• The demand side: The households problem and the Euler equation of consumption.
  • The supply side: from firms’ maximization problem to the New-Keynesian Phillips curve.
  • The Policy block: The central bank and monetary policy rules.
  • Solution methods.
  • Policy applications: Technological and monetary policy impulse response functions.
Reading List:
Galì, J. (2015). Monetary Policy, Inflation and the Business Cycle: An Introduction to the New Keynesian Framework, Second Edition, Princeton University Press.
Walsh, C. E. (2010). Monetary Theory and Policy, Third Edition, MIT Press, Cambridge,MA.
 
The New Keynesian model – Part II
Language: English Frequence: February Hours: 6
Professor: Domenico Delle Gatti eMail: domenicodellegatti@unicatt.it  
Objectives of the Course:

This course deals with New Keynesian DSGE models with “financial frictions”.

Programme:

  • Bernanke-Gertler-Gilchrist (1999) (BGG) model.
  • A NK model with housing and borrowing constraints.
  • Financial intermediation and unconventional monetary policy in a DSGE framework: Gertler-Kiyotaki (2010) (GK).
Reading List:
Bernanke, B., Gertler, M. and Gilchrist, S. (1999). The Financial Accelerator in a Quantitative Business Cycle Framework. In Taylor, J. and Woodford, M. (Eds.), Handbook of Macroeconomics, Elsevier.
Iacoviello, M. (2005). House prices, borrowing constraints, and monetary policy in the business cycle, The American Economic Review, 95(3), pp. 739-764.
Gertler, M. and Kiyotaki, N. (2010). Financial Intermediation and Credit Policy in Business Cycle Analysis. In Friedman, B.M. and Woodford, M. (Eds.), Handbook of Monetary Economics, Elsevier.
 
 Monetary policy – Part I
Language: English Frequence: February Hours: 4
Professor: Fedrico Giri eMail: f.giri@univpm.it  
Objectives of the Course:

The aim of this course is to provide a short introduction of the standard New Keynesian framework in order to understand the most recent developments in monetary policy theory.

Programme:

  • Optimal monetary policy under discretion
  • Optimal monetary policy under commitment
  • Optimal monetary policy under a zero lower bound of nominal interest rate
Reading List:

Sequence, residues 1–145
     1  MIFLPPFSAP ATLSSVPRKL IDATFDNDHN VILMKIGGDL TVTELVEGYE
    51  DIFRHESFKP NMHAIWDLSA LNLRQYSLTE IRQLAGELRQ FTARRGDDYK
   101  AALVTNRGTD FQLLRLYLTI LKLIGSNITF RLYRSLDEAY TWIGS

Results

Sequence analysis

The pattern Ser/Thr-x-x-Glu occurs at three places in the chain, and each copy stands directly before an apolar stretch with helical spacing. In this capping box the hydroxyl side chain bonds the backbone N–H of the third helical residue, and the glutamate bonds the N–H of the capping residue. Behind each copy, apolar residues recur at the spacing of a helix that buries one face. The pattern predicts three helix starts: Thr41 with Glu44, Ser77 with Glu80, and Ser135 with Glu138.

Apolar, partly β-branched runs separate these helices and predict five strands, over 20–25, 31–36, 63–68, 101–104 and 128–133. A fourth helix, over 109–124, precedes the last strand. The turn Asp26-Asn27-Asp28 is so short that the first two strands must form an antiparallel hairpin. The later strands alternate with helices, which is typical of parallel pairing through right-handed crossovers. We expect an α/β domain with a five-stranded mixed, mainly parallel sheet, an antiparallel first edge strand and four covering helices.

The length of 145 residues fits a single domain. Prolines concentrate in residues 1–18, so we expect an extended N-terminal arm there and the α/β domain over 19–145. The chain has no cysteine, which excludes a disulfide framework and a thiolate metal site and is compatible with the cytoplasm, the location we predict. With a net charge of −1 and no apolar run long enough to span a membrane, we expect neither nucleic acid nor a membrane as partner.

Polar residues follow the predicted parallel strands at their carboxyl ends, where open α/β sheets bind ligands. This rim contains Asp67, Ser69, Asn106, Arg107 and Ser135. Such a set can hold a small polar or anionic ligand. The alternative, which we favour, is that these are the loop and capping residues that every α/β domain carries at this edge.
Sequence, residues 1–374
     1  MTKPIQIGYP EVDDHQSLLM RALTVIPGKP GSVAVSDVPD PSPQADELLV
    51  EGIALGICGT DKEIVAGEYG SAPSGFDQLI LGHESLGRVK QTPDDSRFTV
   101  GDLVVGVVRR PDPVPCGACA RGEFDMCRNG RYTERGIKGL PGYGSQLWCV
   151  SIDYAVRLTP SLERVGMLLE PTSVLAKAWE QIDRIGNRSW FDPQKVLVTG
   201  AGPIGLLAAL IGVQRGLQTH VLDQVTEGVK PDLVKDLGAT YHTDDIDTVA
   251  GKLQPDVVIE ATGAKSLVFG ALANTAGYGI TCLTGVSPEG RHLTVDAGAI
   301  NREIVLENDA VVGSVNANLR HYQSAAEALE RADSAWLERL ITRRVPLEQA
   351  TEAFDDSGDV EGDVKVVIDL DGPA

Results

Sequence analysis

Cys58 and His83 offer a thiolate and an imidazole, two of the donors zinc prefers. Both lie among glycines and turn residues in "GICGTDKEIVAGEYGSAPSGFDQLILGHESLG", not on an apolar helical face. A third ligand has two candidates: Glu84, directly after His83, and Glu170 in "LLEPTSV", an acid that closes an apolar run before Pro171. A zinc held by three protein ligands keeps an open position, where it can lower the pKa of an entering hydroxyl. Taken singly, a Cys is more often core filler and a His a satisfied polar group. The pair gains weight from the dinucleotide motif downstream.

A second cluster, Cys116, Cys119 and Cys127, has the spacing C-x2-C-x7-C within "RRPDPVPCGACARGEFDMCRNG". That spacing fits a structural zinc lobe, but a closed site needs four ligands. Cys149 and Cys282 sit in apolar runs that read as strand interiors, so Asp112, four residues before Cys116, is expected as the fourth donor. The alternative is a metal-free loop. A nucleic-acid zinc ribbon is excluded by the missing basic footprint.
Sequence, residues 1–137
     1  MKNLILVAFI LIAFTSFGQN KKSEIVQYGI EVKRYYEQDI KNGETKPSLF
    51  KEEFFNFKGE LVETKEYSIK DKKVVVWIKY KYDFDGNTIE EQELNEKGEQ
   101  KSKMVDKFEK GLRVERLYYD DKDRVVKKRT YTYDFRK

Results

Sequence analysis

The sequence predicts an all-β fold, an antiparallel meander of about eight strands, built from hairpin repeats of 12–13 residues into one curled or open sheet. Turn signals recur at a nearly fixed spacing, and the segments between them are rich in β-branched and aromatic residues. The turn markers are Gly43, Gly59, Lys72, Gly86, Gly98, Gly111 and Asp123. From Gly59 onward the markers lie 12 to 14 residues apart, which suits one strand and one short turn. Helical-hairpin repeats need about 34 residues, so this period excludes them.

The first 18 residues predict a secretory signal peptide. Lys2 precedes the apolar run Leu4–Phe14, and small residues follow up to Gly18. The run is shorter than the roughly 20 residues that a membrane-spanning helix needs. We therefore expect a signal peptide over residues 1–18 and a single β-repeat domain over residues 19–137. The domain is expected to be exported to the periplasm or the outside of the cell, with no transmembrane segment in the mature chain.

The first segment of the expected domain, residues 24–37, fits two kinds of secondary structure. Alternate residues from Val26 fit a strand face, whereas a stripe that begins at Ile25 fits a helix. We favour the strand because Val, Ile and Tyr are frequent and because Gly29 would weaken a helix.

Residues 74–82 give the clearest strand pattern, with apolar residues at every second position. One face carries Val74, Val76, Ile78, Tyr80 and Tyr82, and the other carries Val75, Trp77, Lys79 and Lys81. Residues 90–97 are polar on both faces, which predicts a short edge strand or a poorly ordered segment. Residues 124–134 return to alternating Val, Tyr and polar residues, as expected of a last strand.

Galì, J. (2015). Monetary Policy, Inflation and the Business Cycle: An Introduction to the New Keynesian Framework, Second Edition, Princeton University Press.

 
 Monetary policy – Part II
Language: English Frequence: February Hours: 10
Professor: Alessandro Notarpietro eMail: alessandro.notarpietro@gmail.com  
Objectives of the Course:

The aim of this course is to provide an overview of the design of optimal monetary policy. In particular, the course will cover optimal monetary policy under discretion and commitment and the case of optimal policy at the zero lower bound, forward guidance and quantitative easing.

Programme:

  • Introduction.
  • The basic New Keynesian model.
    • The efficient allocation.
    • Sources of inefficiencies.
    • Optimal monetary policy implementation (simple interest rate rules).
    • Optimal monetary policy design in the New Keynesian framework: discretion.
  • Unconventional monetary policy: forward guidance, quantitative easing.
Reading List:
Bernanke, B. (2013). Monetary Policy since the Onset of the Crisis, Remarks at the Federal Reserve Bank of Kansas City Economic Symposium, Jackson Hole, Wyoming, August 31, 2012.
Bernanke, B. (2013). Communication and Monetary Policy, Remarks at the National Economists Club Annual Dinner, Herbert Stein Memorial Lecture, Washington, D.C.,  November 19, 2013.
Galì, J. (2015). Monetary Policy, Inflation and the Business Cycle: An Introduction to the New Keynesian Framework, MIT Press, 2nd edition,  ch.1, 3-5.
Walsh, C.E. (2010). Monetary Theory and Policy, MIT Press, 3rd edition.
Woodford, M. (2003). Interest and Prices: Foundations of a Theory of monetary Policy, Princeton University Press.